• Prerequisite: One literature course and ENG 108

 

ENG 308 Business and Professional Writing

Underlying principles and techniques for effective communications in business and professional settings. Emphasis on audience analysis, purpose, and organization of various types of letters, reports, and memoranda

  • Hours: 3
  • Fee: Yes
  • Offered: Winter
  • Prerequisite: ENG 108 and several courses in the student's major field.

 

ENG 310 American Literature to 1900

Survey of American writers of the early period, including Bradstreet, Dickinson, Douglass, Emerson, Hawthorne, Melville, Thoreau, and Whitman.

  • Hours: 3
  • Fee: Yes
  • Offered: Winter
  • Prerequisite: One literature course and ENG 108

 

ENG 311 American Literature: 1900 to the Present

Survey of American writers of the later period, including Ellison, Faulkner, Fitzgerald, Frost, Hurston, Morrison, Stevens, and Wharton.

  • Hours: 3
  • Fee: Yes
  • Offered: Winter
  • Prerequisite: One literature course and ENG 108

 

ENG 312 Advanced Written and Oral Communications

Focus on writing and speaking situations in the student's major field. Special attention is given to increasing sophistication in style, organization, development, and research strategies. Credits from this general education requirement are not counted toward the English major.

  • Hours: 3
  • Fee: Yes
  • Offered: Fall, Winter, Summer
  • Prerequisite: ENG 108 and at least two courses in students' major

 

ENG 314 Literary Theory and Criticism

Study of the major trends in contemporary literary theory. Course also provides for practical experience with current methods and assumptions guiding the analysis and interpretation of literary texts.

  • Hours: 3
  • Fee: Yes
  • Offered: Winter
  • Prerequisite: ENG 108, ENG 260, and at least two literature courses

 

ENG 317 The English Language: History, Structure, and Grammar

Required for secondary teacher certification.

Study of the development of the English language and an introduction to structural principles and current linguistic theories. Topics include phonetics, language origin and history, word structure, syntax, dialects, language in social interaction, grammar and usage for teachers.

  • Hours: 3
  • Offered: Fall
  • Prerequisite: ENG 108

 

ENG 319 Writing Creative Nonfiction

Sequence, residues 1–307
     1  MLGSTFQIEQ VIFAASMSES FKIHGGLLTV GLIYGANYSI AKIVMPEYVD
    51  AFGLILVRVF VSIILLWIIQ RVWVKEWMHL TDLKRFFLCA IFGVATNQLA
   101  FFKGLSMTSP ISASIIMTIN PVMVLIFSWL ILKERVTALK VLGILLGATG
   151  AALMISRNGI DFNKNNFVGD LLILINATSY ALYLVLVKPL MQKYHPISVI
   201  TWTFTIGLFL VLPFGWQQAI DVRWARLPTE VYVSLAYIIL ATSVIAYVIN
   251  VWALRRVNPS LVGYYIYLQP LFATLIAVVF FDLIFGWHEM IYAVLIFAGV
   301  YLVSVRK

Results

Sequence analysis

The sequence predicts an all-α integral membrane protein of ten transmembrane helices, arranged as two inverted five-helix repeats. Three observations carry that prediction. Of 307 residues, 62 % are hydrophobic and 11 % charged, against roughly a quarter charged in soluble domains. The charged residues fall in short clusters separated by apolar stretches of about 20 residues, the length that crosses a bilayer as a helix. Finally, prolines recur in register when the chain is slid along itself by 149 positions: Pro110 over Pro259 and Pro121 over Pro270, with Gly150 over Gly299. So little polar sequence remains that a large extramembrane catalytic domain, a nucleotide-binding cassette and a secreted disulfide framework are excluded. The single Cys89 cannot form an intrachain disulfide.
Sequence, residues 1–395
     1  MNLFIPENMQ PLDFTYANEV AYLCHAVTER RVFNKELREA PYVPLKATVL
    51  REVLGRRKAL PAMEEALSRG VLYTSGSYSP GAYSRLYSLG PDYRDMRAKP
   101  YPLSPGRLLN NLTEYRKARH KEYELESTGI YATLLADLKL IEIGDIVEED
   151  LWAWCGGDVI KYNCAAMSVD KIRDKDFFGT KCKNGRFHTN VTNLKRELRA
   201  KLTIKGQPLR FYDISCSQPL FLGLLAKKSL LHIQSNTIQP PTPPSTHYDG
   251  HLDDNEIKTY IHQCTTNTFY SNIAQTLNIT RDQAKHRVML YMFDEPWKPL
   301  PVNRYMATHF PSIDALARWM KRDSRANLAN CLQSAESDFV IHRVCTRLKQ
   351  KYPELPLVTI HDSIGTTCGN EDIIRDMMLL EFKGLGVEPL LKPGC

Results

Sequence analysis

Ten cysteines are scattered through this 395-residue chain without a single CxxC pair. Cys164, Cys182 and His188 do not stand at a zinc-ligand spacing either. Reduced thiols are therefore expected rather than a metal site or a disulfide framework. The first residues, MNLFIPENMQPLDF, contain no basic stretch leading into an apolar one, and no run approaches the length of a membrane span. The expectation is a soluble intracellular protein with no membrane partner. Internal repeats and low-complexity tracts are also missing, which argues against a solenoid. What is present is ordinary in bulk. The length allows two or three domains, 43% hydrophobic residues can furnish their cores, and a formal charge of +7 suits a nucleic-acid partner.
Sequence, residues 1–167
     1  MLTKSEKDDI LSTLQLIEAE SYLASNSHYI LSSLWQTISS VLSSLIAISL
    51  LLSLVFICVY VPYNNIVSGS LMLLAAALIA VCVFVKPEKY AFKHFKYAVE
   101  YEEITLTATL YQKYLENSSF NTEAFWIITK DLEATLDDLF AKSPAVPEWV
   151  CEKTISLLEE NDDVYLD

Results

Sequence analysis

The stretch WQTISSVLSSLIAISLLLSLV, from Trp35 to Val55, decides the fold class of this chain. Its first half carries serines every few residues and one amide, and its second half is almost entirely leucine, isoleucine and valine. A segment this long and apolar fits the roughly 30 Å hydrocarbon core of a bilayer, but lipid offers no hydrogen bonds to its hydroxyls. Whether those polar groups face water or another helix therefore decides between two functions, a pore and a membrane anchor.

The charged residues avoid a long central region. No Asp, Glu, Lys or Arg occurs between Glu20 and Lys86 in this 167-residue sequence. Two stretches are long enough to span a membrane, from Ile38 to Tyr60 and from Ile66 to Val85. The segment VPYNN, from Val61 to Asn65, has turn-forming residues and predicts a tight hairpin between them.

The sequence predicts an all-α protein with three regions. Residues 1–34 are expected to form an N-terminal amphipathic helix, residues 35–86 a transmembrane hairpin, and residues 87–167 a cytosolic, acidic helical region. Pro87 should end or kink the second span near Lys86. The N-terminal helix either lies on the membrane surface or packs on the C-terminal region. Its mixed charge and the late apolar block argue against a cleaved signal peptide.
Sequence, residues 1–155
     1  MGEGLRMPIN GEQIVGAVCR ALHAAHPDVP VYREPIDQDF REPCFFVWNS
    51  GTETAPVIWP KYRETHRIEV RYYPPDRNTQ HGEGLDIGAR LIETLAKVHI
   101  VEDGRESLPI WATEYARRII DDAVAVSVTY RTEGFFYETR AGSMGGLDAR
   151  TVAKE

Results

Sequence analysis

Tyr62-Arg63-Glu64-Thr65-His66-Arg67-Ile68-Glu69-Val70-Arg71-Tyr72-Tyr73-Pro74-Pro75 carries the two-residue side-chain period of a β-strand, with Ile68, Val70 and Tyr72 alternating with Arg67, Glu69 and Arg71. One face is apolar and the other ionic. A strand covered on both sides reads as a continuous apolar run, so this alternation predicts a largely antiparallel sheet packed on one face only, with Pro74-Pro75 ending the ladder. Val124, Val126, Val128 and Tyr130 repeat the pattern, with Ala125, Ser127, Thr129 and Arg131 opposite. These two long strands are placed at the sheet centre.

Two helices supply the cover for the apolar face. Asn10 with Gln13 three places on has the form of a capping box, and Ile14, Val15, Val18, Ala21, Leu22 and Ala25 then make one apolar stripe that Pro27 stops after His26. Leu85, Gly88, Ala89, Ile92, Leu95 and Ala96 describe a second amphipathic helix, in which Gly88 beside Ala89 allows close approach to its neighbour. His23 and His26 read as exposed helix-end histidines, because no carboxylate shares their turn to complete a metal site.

Instruction in the techniques of writing varieties of nonfiction beyond the traditional academic essay.

  • Hours: 3
  • Offered: Fall
  • Prerequisite: ENG 108

 

ENG 362 Advanced Creative Writing: Poetry

Advanced instruction in the writing of poetry. Writing workshop with student conferences. Students take part in public presentation/publication of their work.

  • Hours: 3
  • Offered: Winter
  • Prerequisite: ENG 108, ENG 264

 

ENG 363 Advanced Creative Writing: Fiction

Advanced instruction in the techniques of short story and longer fiction writing. Writing workshop with student conferences. Students take part in public presentation/publication of their work.

  • Hours: 3
  • Offered: Fall
  • Prerequisite: ENG 108, ENG 264

 

ENG 496 Senior Seminar

In-depth critical reading, research, and analysis of a specific theme or the works of a single author. An extensive written research project and an oral presentation are required.

  • Hours: 3
  • Fee: Yes
  • Offered: Fall, Winter
  • Prerequisite: English or Language Arts majors only, three literature courses at the 300 level, ENG 260, ENG 312, ENG 314, 20-22 hours in the major

English Overview

English Overview

Marygrove's English program is designed to help students better examine and engage with the world through the development of high-level writing, reading, and critical thinking skills.

Contemporary American Author Lecture Series (CAALS)

Contemporary American Author Lecture Series (CAALS)

The CAALS brings a nationally-known author to Marygrove College each year for a public lecture and a seminar with students.